Pastorello has developed a great relationship with Inter in recent years- Handanovic, Candreva, Asamoah and D’Ambrosio are his clients and he negotiated the deals that brought Antonio Conte and Valentino Lazaro to the nerazzurri. So now that Inter can bank on the player’s will they have to convince Manchester United to let Lukaku go on a deal they can afford- a factor that is complicated by the difficulty to sell Mauro Icardi and Inter’s rightful determination to not include a player like Milan Skriniar in the deal.

Inter’s initial offer to Manchester United involves a loan for 10 million euro and a forced option to buy the striker for an additional 60 million payable over two years. This is essentially a purchase in disguise, it just allows Inter to spread the payments over three fiscal years but obviously on paper it sounds like an almost insulting offer (Manchester United appear to be somewhat open to structuring the deal over multiple years but want 85 million euro).

Marotta’s right hand man Piero Ausilio travelled to London to meet with Manchester United in person to discuss these terms, which can be seen as a sign he thinks the deal can happen, because if not they could have just communicated these terms through intermediaries. Because just like De Ligt already has an agreement with Juventus, Inter felt confident enough to make this type of offer because they feel they have no direct competition- Manchester United would have to find a team willing to pay more but also one that Lukaku wants to join…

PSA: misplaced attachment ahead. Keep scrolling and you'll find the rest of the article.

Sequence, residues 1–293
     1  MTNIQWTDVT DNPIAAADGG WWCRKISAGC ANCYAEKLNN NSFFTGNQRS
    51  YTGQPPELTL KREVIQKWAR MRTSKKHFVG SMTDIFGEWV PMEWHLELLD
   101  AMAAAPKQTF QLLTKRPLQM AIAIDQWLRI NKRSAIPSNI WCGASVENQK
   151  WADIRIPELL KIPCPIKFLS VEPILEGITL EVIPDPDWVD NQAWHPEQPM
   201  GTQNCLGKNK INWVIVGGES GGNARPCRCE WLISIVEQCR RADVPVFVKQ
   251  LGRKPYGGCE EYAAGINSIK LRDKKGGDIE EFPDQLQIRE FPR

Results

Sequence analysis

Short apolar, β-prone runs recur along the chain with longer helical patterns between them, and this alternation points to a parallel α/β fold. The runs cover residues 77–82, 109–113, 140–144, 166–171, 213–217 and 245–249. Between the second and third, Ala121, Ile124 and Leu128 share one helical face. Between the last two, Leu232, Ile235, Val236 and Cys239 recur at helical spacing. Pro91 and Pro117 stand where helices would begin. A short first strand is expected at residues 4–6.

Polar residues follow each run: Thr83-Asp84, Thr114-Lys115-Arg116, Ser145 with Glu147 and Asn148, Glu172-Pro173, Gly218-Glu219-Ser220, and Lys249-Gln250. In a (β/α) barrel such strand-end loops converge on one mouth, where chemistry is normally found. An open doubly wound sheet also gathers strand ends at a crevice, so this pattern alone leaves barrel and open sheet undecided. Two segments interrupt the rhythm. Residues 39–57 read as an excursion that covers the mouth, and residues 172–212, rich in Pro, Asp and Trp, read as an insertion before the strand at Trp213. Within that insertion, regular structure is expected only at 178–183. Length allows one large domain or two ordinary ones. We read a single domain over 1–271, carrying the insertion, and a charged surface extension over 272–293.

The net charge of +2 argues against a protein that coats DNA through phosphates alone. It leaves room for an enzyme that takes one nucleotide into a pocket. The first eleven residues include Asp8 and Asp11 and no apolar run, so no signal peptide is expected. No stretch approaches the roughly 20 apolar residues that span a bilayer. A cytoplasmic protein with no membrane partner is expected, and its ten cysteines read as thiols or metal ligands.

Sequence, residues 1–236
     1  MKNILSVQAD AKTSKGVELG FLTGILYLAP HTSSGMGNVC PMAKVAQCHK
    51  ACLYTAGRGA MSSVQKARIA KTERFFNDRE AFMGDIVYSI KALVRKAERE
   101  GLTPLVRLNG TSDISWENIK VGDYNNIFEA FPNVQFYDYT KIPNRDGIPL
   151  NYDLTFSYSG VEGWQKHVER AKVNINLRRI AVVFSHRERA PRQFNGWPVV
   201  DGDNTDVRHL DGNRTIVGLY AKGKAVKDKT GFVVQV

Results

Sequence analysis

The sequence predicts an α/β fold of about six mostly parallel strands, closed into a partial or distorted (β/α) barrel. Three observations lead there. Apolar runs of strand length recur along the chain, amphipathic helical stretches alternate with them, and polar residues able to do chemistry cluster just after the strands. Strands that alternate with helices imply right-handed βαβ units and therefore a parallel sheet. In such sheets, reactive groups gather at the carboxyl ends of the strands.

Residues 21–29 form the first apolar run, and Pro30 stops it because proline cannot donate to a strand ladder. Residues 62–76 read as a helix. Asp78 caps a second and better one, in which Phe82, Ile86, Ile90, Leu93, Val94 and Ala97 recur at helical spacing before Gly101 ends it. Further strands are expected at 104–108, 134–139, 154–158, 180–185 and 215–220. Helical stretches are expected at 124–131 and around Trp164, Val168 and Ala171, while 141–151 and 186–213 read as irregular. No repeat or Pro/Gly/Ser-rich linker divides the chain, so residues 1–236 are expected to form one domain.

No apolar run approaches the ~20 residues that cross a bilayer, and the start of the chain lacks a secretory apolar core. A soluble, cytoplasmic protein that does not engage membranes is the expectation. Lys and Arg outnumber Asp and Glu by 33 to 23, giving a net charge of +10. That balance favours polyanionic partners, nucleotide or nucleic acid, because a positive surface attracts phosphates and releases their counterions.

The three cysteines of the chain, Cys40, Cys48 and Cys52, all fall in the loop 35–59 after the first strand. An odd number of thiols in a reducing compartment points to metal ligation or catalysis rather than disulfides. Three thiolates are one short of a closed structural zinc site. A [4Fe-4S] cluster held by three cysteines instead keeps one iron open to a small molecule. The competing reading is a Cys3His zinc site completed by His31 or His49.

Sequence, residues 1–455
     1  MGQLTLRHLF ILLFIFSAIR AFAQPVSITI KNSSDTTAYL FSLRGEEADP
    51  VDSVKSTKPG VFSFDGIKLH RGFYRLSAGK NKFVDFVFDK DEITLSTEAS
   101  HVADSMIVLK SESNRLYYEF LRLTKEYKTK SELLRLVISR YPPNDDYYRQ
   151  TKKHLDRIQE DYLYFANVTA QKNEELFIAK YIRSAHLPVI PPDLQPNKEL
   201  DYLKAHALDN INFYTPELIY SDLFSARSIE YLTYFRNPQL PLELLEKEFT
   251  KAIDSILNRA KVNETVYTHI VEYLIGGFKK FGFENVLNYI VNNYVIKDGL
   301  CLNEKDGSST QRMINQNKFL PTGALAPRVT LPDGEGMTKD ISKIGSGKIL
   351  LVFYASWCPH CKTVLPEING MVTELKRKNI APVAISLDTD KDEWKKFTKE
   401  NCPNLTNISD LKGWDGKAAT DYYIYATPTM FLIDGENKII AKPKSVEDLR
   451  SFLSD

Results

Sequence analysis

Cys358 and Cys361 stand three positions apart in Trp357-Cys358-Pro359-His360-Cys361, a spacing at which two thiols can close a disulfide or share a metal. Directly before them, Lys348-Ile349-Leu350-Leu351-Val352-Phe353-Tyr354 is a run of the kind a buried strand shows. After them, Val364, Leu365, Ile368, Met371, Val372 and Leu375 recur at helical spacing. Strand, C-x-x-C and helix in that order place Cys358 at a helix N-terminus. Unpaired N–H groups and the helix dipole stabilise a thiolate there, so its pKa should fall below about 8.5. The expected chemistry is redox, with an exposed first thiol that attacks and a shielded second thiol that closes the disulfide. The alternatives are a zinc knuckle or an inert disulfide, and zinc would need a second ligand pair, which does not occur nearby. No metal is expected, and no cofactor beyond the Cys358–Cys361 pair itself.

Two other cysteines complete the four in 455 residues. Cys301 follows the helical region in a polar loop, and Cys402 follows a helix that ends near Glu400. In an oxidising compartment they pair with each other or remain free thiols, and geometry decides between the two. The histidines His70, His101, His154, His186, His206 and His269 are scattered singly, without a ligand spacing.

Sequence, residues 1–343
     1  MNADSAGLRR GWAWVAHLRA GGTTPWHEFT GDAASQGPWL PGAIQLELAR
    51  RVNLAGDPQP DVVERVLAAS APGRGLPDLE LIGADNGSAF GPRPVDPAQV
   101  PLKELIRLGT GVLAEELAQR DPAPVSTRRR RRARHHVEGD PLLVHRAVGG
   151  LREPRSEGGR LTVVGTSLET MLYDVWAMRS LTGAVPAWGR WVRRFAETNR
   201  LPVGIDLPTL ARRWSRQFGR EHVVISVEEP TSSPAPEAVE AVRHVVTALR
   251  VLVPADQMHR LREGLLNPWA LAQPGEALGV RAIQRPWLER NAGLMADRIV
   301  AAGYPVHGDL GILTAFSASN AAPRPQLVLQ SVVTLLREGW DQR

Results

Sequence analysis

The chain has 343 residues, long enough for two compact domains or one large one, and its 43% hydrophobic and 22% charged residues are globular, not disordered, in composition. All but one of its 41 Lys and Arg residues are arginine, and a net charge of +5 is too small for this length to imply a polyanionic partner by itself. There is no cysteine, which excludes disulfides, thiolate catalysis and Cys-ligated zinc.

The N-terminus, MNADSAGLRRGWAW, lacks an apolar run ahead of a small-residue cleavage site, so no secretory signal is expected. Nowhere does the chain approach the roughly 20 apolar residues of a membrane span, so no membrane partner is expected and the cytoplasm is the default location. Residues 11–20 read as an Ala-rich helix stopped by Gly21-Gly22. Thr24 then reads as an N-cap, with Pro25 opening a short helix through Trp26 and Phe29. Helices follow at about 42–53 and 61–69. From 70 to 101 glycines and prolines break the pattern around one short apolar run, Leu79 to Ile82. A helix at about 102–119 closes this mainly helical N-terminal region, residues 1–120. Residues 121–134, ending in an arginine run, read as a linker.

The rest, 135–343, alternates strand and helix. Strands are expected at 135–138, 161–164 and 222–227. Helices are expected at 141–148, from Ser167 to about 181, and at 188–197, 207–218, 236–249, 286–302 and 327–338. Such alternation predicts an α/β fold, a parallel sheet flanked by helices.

Winners & Losers in the Transfer Window’s first month in Serie A


The first month of the transfer window in Serie A was mainly an opportunity for clubs to get third financial houses in order. We saw a flurry of deals right before the fiscal year ended on June 30th and numerous new acquisitions announced right when the new year began.

Although there are still two full months of transfers ahead of us at least in Italy, we can still draw some conclusions on who is off to a fast start and who is falling more behind